Friday, February 14, 2014
The Test of Affection
This is the last day at the bookstore for yet another of my friends. His name is Matthew Simmons. He's been working there for more than a decade and we've been friends for at least that long. I will miss him.
When I met him, he was hosting events at the bookstore. Good looking boy, not yet thirty at the time, very attractive; bright, blushing and clever. One day he posted a note, a charming confession of certain deficiencies in his reading to date. He'd finally mastered Moby Dick, I think it was, and had determined to do more in that line; the great unread classics. In the note, he'd asked his coworkers, a fairly literate bunch as might be imagined, to provide him a list of the books he most needed to read. Delightful, and absolutely earnest. As I remember it, it came to quite a list and so far I can remember, he read every book on it. My nomination was Daisy Ashford's The Young Visiters, or, Mr Salteena's Plan, easily the greatest novel ever written by a nine year old, but hardly required reading. It was a fatuous suggestion, a not entirely nice poke at a young writer's supposedly "late start." Matthew read the book. What's more, he enjoyed it. And he appreciated my joke more than it, or I, deserved. Makes my face burn now to think of it. Nonetheless we became fast friends.
Since then Matthew has become the company's copywriter, an editor and a published author of some reputation. I've had the privilege of reading what he's written as it's come. From the first story of his that I read down to his most recent published book, Happy Rock, I have been a fan. This is of itself odd, despite our now long-established friendship, as Matthew writes, and writes superbly well in a style so unlike anything I might otherwise read as to make my genuine appreciation of his work well neigh miraculous. The clear inference would be that either my judgement has been clouded by my affection for the writer, or that he is just that good at what he does. He is just that good at what he does.
What he does is write the most fantastical modern nonsense; witty, elliptical, loopy, but always grounded in an acutely concrete and recognizable, very American, reality. His is not the sort of thing I would normally read. Moreover, and most amazingly, in stories seemingly made up of nothing more than long car rides, dreadful metalhead music, dull suburban driveways and thwarted conversations, sometimes with the dead or just the dull-witted, stories with more than sufficient darkness in them, some of them, he manages an elegant play of serious ideas, good humor, and sincere emotion. No idea how he does it. None. He's never written an awkward sentence in his fiction. His essays and occasional pieces have never been less than delightful. He's never been cruel. He never fails to surprise me. There is just so much we do not have in common, generationally and personally, particularly when it comes to contemporary literature and music, and yet I can honestly say I have happily gone wherever he decided to take me. I look forward to where we'll go next, wherever that might be, god help me.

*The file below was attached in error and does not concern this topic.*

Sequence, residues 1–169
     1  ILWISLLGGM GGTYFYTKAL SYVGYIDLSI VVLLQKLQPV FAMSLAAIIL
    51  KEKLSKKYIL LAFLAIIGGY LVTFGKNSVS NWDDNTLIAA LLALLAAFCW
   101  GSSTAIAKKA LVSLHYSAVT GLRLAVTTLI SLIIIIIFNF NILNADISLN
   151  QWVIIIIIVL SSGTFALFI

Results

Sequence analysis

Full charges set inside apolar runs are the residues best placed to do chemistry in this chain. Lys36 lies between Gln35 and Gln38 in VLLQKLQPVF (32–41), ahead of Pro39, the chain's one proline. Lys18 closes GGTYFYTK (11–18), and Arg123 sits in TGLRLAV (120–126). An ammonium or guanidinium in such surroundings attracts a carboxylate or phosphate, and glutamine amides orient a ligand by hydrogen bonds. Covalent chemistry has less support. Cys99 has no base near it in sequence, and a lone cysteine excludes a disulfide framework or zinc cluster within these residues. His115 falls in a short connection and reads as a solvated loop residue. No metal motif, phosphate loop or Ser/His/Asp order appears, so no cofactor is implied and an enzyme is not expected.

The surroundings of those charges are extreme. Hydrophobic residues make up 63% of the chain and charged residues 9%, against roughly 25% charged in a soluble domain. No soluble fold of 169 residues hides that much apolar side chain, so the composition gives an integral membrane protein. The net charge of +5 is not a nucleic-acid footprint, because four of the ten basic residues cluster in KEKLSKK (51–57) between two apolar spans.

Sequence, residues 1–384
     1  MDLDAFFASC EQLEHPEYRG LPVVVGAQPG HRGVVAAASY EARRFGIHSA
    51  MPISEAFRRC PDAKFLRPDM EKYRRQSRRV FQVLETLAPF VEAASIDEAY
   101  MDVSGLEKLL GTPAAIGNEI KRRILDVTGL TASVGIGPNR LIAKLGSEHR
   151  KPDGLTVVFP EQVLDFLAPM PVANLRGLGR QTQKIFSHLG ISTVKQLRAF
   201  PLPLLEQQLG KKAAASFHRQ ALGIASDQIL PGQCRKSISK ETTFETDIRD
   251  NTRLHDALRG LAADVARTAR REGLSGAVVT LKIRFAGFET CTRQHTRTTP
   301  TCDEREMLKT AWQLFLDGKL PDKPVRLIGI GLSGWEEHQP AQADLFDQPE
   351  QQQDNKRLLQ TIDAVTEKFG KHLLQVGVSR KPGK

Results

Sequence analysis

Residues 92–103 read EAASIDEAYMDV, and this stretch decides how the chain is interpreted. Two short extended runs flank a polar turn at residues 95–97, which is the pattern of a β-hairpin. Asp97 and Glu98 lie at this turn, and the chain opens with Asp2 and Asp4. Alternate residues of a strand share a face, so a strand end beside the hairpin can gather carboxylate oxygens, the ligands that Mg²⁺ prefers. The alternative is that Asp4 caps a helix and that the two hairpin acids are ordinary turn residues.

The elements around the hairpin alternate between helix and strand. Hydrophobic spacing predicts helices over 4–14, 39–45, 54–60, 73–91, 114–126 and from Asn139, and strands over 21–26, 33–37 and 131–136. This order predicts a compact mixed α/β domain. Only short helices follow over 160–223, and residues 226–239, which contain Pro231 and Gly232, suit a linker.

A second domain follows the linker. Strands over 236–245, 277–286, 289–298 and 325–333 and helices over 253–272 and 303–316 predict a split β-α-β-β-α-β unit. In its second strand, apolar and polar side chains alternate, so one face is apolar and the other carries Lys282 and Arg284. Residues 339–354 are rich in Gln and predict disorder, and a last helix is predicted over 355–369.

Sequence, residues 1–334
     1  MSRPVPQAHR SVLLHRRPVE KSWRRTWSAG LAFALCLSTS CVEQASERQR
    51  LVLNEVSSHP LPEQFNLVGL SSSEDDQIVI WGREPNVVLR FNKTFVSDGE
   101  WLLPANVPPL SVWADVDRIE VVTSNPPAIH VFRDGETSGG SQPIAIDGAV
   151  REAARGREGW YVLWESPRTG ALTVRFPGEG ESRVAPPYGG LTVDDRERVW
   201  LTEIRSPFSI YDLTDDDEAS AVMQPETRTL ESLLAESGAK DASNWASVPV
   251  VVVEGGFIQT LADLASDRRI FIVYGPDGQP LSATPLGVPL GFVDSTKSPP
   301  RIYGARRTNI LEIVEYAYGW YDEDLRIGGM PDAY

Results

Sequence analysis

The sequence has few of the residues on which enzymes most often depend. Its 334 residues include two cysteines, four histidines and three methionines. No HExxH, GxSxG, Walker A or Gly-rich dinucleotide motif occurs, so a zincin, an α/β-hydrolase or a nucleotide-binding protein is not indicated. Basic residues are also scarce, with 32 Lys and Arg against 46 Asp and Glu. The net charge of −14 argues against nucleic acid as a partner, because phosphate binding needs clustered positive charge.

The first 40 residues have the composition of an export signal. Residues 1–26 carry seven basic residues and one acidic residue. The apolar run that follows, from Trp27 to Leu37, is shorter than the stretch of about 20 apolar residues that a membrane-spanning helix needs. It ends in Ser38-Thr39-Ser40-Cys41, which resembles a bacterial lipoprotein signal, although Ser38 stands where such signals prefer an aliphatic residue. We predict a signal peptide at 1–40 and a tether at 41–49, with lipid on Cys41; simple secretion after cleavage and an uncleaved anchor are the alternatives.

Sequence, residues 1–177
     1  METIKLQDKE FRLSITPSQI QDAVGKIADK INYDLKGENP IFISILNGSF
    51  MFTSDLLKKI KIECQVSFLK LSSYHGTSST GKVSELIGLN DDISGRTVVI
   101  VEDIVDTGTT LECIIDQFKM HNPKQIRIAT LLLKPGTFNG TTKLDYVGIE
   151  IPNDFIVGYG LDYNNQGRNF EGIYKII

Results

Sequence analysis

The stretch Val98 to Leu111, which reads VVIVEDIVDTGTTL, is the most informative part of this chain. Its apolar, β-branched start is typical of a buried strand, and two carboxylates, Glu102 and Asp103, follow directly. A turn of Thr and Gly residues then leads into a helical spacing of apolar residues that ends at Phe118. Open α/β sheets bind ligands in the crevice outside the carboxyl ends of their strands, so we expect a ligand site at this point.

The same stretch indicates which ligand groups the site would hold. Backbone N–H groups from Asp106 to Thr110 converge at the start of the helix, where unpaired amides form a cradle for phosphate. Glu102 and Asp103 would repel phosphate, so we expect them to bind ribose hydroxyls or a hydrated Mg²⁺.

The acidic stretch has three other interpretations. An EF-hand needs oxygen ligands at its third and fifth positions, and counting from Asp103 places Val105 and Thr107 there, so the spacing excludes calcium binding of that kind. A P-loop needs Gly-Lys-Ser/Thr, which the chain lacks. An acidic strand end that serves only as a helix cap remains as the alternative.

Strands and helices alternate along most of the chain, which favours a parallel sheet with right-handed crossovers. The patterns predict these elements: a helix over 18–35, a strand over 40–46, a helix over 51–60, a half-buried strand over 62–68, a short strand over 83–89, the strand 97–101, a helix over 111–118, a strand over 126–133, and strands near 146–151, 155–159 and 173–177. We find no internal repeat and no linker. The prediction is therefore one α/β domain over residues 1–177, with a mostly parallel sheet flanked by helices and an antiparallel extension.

He has, as it turns out, an exceptional talent, a sound head, a great ear. He has a good heart.
And now he has a new job.
It isn't the writer I will miss. What he writes, I'll read. I will miss his dear face, his bright eyes and ready giggle. I will miss him popping up -- he does actually seem sometimes to pop -- at my desk on the sales floor, just to say "hello," or to bump me with his dear, shaggy head, like some affectionate cat. I will miss our conversations on the fly about this and that, about books and whatnot, our jokes and absurdities, our rare shared miseries. I'll miss the very sight of him.
I wish him of course nothing but good things. It's time he moved on, time other people and other places had the benefit of him, his talent, his good sense.
When he confided in me that he'd got this new gig and would be gone in a week, I was genuinely happy for him. I am still. But miss him I will. And proud of him I am as well. What a good writer he's become in just the time I've known him! What a good man, and a good friend.
(I'm reminded of yet another friend from work, himself now a published novelist, also moved on, largely, to other pursuits and about whom I was not even able at the time he left to write so much as this, as it was just too hard to think of the bookstore and my day without him. I regret that, though I tried to say something publicly thereafter. Still. I determined this time to be a bit less self-pitying and mark the day.)
I admit, I will probably get a bit misty when I see Matthew, later today, for his last day working at the bookstore. Ridiculous, really, more my sort of thing, I should think, than his, the Byron I'm reminded of. Such a drama queen, me. At it's full length it's far too much for the occasion -- nobody's died here, people -- and it is a bit silly, but the first stanza, at least, by way of farewell, then, to ward off some even more maudlin or worse, if sincere, demonstration: